The Lyonnaise Renaissance began in the middle of the 15th century, with the inauguration of the Lyon fairs by the King of France. This event suddenly places the city at the heart of the great European trade and energizes the episcopal city. Soon, new communities, mostly Italian, come to settle in the city. Lyon became a beacon of the Renaissance, including intense banking and editorial activities.
The musical life of Lyon, at that time, remains difficult to quantify. It seems however more limited than the literary life or the musical activity in Paris or in the main Italian cities.
Many of the musicians who have worked in Lyon have not spent their entire career there, and sometimes only the edition of one or more books of music testifies to their passage. In particular, there seems to have been no significant musical activity in the churches of Lyon, except in the Florentine communities.
The canons of the primacy of St. John refuse any change in their way of conducting the services, making sure to remain plainchant. It is the same for the chapels submitted to their authority, in the rest on does not identify any master of chapel.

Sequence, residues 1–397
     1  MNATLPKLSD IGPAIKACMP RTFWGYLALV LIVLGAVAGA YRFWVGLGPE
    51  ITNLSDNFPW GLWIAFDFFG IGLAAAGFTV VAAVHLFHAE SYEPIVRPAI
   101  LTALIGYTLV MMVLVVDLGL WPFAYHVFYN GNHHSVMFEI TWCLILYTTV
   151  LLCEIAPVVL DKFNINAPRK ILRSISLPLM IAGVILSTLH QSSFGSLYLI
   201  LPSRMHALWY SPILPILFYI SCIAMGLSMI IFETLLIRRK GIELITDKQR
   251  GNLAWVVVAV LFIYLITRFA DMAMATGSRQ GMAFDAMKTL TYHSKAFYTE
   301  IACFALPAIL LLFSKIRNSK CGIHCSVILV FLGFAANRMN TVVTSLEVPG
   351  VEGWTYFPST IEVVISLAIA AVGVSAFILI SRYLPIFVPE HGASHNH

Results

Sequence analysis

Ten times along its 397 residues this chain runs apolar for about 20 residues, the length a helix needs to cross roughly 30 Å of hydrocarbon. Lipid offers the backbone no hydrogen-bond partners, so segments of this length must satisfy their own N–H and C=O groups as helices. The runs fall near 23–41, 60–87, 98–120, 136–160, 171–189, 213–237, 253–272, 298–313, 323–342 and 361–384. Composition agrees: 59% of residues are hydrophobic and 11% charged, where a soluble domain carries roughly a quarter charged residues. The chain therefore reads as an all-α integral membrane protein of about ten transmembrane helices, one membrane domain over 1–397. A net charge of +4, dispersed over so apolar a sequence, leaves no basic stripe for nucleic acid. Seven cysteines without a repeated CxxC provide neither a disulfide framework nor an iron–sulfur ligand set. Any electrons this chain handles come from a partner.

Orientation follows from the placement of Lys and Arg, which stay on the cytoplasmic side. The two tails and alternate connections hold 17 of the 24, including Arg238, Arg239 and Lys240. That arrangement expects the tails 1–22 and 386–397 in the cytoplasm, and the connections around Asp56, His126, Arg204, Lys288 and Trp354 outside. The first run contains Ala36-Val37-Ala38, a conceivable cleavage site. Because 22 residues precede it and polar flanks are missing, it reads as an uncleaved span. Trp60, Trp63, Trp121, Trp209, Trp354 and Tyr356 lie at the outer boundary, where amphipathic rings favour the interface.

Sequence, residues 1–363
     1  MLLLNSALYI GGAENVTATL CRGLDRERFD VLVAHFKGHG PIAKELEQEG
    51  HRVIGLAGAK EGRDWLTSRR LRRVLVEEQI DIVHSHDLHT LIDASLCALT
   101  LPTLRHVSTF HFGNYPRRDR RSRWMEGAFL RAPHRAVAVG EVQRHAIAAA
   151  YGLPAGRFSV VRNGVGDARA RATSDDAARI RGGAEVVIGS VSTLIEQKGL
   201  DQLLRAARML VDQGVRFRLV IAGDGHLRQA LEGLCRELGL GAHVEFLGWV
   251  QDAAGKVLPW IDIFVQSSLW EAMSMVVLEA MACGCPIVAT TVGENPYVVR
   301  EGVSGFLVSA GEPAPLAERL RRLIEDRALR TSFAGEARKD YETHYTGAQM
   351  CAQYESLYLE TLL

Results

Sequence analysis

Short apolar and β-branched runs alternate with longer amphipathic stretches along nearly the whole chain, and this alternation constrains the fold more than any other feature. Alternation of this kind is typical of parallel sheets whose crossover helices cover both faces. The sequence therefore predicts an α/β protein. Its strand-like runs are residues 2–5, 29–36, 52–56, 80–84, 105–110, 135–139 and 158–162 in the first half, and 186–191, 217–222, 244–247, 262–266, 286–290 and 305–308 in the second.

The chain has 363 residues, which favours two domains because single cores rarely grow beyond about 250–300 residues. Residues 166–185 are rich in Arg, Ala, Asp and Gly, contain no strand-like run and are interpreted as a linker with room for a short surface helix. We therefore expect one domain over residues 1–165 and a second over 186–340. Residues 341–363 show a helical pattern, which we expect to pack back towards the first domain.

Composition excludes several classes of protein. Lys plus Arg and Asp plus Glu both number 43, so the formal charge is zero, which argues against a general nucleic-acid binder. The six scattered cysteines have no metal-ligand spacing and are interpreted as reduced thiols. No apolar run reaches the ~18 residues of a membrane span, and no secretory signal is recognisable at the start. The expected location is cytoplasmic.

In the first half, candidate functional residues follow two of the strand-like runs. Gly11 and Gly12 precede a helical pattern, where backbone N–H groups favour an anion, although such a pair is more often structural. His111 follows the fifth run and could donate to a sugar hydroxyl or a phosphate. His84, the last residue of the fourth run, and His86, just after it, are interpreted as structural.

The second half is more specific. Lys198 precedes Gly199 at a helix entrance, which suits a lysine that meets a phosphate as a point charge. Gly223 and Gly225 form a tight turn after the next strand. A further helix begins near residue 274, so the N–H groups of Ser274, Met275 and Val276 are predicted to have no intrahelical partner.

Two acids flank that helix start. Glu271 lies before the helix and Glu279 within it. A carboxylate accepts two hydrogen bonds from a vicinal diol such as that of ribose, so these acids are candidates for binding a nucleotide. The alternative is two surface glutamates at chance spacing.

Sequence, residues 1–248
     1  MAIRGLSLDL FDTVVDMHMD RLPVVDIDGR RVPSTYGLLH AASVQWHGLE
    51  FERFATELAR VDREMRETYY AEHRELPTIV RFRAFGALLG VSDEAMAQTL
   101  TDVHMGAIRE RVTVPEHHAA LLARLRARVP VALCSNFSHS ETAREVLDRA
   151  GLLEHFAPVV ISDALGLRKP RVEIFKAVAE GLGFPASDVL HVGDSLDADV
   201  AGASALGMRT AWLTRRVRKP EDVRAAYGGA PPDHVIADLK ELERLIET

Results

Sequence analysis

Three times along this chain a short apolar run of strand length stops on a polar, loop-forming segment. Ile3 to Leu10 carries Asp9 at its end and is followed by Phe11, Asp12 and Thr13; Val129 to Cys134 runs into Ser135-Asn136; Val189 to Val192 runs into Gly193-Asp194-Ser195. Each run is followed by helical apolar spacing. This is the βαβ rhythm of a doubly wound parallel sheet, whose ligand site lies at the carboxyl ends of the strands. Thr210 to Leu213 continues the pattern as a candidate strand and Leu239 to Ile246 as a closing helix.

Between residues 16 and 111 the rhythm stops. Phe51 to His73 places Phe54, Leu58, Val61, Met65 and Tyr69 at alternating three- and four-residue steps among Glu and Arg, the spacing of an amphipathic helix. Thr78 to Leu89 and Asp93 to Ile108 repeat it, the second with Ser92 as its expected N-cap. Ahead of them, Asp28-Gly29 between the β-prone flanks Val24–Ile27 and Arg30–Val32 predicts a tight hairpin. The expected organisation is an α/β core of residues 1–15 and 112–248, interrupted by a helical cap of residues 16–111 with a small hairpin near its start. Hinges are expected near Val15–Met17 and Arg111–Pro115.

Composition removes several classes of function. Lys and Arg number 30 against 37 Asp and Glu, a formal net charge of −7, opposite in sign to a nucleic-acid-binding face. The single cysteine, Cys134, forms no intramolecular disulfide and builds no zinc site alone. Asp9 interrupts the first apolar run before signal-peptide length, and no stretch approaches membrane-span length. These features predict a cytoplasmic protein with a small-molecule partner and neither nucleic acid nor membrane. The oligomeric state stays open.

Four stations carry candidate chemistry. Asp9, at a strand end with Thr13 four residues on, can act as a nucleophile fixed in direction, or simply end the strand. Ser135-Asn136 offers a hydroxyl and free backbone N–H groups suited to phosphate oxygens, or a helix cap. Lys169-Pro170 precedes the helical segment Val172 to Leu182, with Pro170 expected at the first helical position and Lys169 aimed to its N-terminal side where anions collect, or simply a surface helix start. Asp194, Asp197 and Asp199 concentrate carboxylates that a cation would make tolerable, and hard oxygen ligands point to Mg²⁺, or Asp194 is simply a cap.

Only in the Notre-Dame de Confort church, parish of the Florentine community of Lyon, is there a real musical activity, due to the Florentine organist Francesco Layolle, very involved in music publishing alongside of the printer-librarian Jacques Moderne.
He occupies a singular place in the publishing industry of Lyon Renaissance devoting most of its resources to European-wide musical projects. He dedicates the remainder of his activity to cheap publications of books of common use.
Originally from Istria, he came to Lyon in around 1523, in connection with the Florentine colony and took advantage in particular of his relations in Italy to publish the best of the European repertory which he diffuses then via the fairs of Lyon. Developing, at the same time as his Parisian competitor Attaingnant, printer of the king, a new technique with mobile musical characters, he represents the first alternative to Parisian editions.
With the support of Francesco di Layolle, he publishes an eight-volume edition called Motetti del Fiore. Printed in Lyon, it is one of the largest collections of motets from the first half of the 16th century. Alongside the works of Gombert, Willaert, Verdelot… known throughout Europe, are the music of French composers, from the Lyon region and surrounding areas. A unique liturgical repertoire appears.
He reveals to us poignant works, related to the penitential theme (Psalms of David), very popular in Lyon circles, and imported to France from the Florence Savonarola